Why Pickleball is the New “It” Sport
The number of places to play pickleball has doubled since 2010. Digital Director Dayle Duggins (aka Dill Duggins) loves pickles, so we sent her to try out the sport with a funny name.
By Dayle Duggins
Pickleball is poppin’. I open Snapchat and see friends playing—beer in hand—at bars that are built entirely around the sport. Others are playing with their grandparents while on vacation. Local country clubs are hopping aboard, too. When I realized that it was trending, I knew I had to try the sport. I had high hopes: pickles are pretty much my favorite food, grandmas can play the sport and, if I found the right venue, I could even get a little tipsy while exercising.
I called up my pal and former co-worker Dylan Whitaker, who had very aggressively picked up the sport as a hobby. I needed the scoop. Who plays pickleball? Where do people play? Who’s the best? I needed him to tell me everything, and he delivered. Dylan told me that RaNay Riffe was a pickleball star who would probably be tickled to show me the ropes. Quickly, I got in touch with her, and next thing I knew, I was scheduled to play pickleball with her for a few hours on a Friday morning.
Upon researching the sport, I was saddened to learn that pickleball incorporates zero pickles. But relief swept over me when I found that the oddly named sport might have been inspired by a cocker spaniel named Pickles. What a great name. I already loved the game.
According to the United States of America Pickleball Association (USAPA), the paddle sport combines elements of tennis, badminton and pingpong and can be played indoors or outdoors on a badminton-sized court with a slightly modified tennis net. In the game, which is suitable for all ages and skill levels, a plastic ball with holes is volleyed back and forth between players.
Impressively, the number of places to play pickleball has doubled since 2010, according to USAPA. To find a spot near you, visit usapa.org. “You’re seeing cities that are converting tennis courts to pickleball courts or building their own pickleball courts,” says Mike Porter, Springfield’s USAPA ambassador. Most recently, Meador Park in Springfield converted six tennis courts into pickleball courts.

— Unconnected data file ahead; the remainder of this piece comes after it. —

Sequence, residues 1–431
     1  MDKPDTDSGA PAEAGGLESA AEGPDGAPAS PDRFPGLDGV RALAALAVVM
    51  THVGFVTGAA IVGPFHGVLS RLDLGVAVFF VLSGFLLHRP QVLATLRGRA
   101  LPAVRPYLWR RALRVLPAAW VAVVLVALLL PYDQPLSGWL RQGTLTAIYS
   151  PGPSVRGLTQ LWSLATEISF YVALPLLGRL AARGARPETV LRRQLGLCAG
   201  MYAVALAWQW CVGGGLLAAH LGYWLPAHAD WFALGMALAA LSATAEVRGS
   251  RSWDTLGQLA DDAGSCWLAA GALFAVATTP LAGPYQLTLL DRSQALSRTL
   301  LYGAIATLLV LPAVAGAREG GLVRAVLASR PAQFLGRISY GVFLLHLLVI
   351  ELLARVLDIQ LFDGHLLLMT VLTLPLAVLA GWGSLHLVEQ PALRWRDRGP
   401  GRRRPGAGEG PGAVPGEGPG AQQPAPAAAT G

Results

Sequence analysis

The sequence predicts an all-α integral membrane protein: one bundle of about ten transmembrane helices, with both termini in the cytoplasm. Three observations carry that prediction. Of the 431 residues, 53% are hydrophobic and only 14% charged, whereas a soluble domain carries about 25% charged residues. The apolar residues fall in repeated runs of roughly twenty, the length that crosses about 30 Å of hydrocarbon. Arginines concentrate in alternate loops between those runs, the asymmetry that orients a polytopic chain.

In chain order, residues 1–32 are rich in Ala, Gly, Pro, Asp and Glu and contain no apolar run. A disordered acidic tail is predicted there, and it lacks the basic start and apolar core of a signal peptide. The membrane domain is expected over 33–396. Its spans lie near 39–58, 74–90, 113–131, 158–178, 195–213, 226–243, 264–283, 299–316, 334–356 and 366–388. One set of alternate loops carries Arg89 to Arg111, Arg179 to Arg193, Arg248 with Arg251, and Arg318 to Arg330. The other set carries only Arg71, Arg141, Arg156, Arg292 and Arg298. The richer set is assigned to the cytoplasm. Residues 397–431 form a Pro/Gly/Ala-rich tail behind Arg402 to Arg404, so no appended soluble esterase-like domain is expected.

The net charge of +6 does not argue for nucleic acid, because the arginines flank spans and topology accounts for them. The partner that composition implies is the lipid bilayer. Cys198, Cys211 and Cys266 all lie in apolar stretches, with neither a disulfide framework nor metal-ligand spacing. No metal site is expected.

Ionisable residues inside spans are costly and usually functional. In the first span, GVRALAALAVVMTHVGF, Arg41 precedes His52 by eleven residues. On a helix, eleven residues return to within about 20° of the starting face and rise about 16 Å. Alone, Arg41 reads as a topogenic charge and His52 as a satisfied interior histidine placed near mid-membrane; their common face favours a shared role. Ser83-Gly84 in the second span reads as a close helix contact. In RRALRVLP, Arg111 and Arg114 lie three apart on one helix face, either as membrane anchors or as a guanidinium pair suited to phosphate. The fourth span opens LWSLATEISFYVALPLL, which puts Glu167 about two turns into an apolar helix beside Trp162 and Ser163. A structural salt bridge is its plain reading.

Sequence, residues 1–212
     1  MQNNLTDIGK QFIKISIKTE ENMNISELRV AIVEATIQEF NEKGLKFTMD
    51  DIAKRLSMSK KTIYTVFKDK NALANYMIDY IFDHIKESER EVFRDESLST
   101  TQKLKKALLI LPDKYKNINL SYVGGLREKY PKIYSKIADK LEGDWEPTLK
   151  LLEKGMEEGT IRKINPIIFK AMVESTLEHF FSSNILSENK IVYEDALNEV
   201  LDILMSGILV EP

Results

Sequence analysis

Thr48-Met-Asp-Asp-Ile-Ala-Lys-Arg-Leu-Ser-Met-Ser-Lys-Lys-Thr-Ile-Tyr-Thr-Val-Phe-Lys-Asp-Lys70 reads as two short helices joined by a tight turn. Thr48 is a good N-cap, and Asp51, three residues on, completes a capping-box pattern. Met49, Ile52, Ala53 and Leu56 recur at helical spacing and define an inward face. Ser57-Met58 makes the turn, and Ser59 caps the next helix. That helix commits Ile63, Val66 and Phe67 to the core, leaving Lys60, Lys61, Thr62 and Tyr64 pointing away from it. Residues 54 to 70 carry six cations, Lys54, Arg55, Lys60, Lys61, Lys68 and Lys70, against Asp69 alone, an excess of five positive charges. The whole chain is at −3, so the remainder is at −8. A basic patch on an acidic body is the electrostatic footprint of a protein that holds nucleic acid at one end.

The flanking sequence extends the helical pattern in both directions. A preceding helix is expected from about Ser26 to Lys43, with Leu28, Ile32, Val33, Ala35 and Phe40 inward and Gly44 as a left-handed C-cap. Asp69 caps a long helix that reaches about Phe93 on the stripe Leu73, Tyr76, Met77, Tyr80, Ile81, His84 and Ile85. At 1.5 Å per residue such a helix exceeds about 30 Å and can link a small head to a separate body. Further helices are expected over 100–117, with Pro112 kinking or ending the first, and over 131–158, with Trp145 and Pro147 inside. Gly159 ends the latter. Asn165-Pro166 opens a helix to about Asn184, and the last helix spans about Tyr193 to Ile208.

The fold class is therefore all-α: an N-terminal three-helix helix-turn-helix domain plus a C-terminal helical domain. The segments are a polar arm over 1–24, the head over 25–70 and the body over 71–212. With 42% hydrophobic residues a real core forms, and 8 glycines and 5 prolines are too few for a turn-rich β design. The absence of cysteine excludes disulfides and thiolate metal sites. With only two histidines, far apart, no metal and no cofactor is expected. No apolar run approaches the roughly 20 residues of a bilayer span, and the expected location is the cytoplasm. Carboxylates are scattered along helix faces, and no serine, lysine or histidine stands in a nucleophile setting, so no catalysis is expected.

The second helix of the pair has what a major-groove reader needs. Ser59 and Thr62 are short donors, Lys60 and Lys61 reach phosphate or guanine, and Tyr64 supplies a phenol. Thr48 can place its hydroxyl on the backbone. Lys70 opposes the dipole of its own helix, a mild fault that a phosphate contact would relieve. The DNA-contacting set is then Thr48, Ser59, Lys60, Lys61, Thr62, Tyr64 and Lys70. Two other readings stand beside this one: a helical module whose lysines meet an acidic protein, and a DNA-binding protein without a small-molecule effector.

Riffe primarily plays in Republic. When she isn’t on the court, she’s a hair stylist in Springfield. “It’s horribly addicting,” Riffe says. “If you want to, there are places to play every day of the week.” She started out playing singles in 2015, got addicted, played a tournament in Branson and won. After trying out men’s and women’s doubles, she took up mixed doubles at the beginning of 2017. To develop her skills, she watched endless matches on YouTube, sat in the stands during high-level tournament matches and now plays about nine hours a week. After only two-and-a-half years of playing, she’s now a 5.0 according to USAPA—the highest ranking a player can get. According to Porter, there are only two five-star paddlers in 417-land besides Riffe.
When I got to the Republic Community Center, it was easy to spot Riffe. She was adorably dressed and bounced right over to greet me. We introduced ourselves, she handed me a paddle and we hit the court. Our first opponents were two gentlemen who gave us a run for our money.
As we hit the ball, Riffe explained the game. During live play, I learned all about the kitchen, dinking, how to give a pickleball high-five and how serving works, which I really struggled to understand at first. Play was much faster and less leisurely than I expected because we played close to the net. We lost our first game, but I was pretty impressed with myself. I was smashing the ball over the net, diving to make returns and making pretty good serves. Riffe threw me in with the sharks. Her style of play is very aggressive and fast-paced, and I was loving every minute of it.
As we continued to play match after match, we won the majority of the games, and I was surprisingly breaking a sweat. Most of the people we played were older than us, but their skill level always surprised me. “It’s a fun sport because you can’t judge anybody by what they look like,” Riffe says. It’s true, but Riffe is an exception. If you look at her, you can tell she’s in shape. “It gives me the same cardio burn without running, which is huge.” Because Riffe plays two to three times a week for two to four hours, it’s her primary workout.
Three hours on the pickleball court flew by. I was sweaty and had finally figured out the serving rules, so I didn’t want to leave. The volleys were intense and required quick reflexes, but I got the hang of it quickly.
All of the pickleball players were very welcoming. They knew I was a newbie, so they went out of their way to make me feel welcome, give me a hard time every once in awhile and compliment me on successful serves, dinks and smashes.
I’m looking forward to picking up the paddle again during the colder months. I think I might just bring along my own pickles.
Try It: Find playing locations at usapa.org, and find upcoming tournaments at pickleballtournaments.com.
What to Bring: A pickleball paddle and balls, which you can buy online. Wear sporty clothes and bring water.
Players of all ages: Pickleball is a sport for everyone. An 80-year-old player could whoop you just as easily as a 20-year-old could.
Social Pickles: Follow Ozarks Pickleball Club on Facebook for local pickleball updates. Or, shoot them a message with any questions.
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